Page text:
From the embarrassingly marketing-laden websites to the contrived allusions to a commitment to diversity, the expectation that we students should treat the administration as an external, distant entity is very quickly and clearly communicated to us freshmen. Is it any wonder that we treat brochures as punchlines?
Yet again, the University’s communication with us has been lacking transparency and timeliness, leaving us in the dark when we need to be anywhere else.
But these changes are concerning, as they raise many questions that seem to not have any answers.
The Editorial Board commends Martin for his continuous effort and support on the matter, for being proactive rather than reactive to the safety of Wash. U. students.
In light of these issues, the Student Life Editorial Board advocates for greater transparency from and within SU, and professionalism from SU toward resolving this situation and thereby ensuring future elections proceed in line with SU’s espoused values.
Plenty of Wash. U. students plan charitable and community engaging events and don’t ask (nor want) compensation for their efforts. What makes ThurtenE different? Why does the University allow this lack of transparency?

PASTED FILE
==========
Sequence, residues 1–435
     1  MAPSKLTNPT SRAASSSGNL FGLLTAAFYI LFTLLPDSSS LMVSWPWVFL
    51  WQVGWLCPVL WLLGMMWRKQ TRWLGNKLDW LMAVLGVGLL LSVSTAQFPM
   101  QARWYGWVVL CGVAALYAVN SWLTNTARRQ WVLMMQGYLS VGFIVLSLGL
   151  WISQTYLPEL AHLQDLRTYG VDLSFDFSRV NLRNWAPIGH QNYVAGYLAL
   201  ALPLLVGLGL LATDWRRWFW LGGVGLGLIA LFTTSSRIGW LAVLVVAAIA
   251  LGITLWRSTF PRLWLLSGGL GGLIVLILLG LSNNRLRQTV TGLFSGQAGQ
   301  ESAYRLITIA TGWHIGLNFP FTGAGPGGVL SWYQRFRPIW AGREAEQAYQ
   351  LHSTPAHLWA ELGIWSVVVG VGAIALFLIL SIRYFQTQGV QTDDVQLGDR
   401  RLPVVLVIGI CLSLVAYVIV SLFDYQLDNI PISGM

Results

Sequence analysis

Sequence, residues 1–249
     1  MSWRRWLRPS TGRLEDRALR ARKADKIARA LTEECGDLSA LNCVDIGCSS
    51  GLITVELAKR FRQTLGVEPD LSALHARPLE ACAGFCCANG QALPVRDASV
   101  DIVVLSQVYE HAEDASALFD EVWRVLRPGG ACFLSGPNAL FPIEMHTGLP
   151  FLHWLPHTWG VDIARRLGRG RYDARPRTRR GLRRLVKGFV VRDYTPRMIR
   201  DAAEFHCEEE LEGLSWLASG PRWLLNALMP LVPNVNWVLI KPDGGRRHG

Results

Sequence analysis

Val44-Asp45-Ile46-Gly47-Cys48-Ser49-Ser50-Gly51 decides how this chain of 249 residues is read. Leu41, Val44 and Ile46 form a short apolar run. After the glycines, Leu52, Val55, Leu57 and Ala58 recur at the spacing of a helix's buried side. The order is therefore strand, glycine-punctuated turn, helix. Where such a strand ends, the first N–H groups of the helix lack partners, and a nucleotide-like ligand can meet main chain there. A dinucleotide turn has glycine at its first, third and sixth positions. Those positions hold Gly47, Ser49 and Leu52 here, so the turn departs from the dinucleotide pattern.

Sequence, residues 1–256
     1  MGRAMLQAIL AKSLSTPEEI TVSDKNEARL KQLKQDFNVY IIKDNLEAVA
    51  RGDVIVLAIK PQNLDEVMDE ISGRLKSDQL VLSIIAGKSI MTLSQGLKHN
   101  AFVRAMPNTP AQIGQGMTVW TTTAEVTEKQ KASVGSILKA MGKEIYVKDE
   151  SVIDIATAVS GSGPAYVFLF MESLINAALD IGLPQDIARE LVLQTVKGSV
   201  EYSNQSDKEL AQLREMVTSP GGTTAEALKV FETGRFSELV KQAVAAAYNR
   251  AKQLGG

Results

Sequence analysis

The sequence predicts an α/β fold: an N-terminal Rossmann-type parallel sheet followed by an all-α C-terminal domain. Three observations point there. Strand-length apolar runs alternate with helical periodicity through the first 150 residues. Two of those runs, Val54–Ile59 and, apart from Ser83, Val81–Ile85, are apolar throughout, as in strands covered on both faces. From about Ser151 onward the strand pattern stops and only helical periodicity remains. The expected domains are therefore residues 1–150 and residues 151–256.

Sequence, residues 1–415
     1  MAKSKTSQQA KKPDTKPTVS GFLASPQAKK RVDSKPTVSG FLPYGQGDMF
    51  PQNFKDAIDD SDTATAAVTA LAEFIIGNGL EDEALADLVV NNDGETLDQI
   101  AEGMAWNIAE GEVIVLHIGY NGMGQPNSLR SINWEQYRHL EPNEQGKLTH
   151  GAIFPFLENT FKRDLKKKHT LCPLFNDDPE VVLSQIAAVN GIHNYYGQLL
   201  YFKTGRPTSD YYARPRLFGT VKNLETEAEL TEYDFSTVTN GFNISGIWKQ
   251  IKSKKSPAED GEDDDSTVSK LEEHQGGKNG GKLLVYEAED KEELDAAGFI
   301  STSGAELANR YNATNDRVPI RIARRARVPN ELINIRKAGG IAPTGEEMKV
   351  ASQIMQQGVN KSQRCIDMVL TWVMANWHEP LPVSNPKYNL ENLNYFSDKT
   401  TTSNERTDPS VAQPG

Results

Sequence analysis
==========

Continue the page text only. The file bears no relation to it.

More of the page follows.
SU officials have failed to fulfill their obligation of accountability to the student body through their conduct and their work ethic. But no one has posted in outrage on social media. No conversations are calling for change.
Questions of transparency continue to dog Student Union Executive Officers in the wake of the governing body’s decision to cancel next fall’s WILD, with critics suggesting that Exec might be setting a precedent for long-lasting changes to the semesterly concert without first seeking student input.
Come fall of 2016, students will congregate on Kingsbury Avenue, in South 40 common rooms, at various other quasi-contained arenas, hoping in vain for the electric WILD atmosphere. Yeah, the concert series is pretty overrated, but, honestly, who cares? It’s a fun day to hang out and pretend our lives don’t revolve around academics.
Transparency among student groups is a tricky subject. Most students neither need to know, nor would they care, about the inner workings of almost any regular group on campus.
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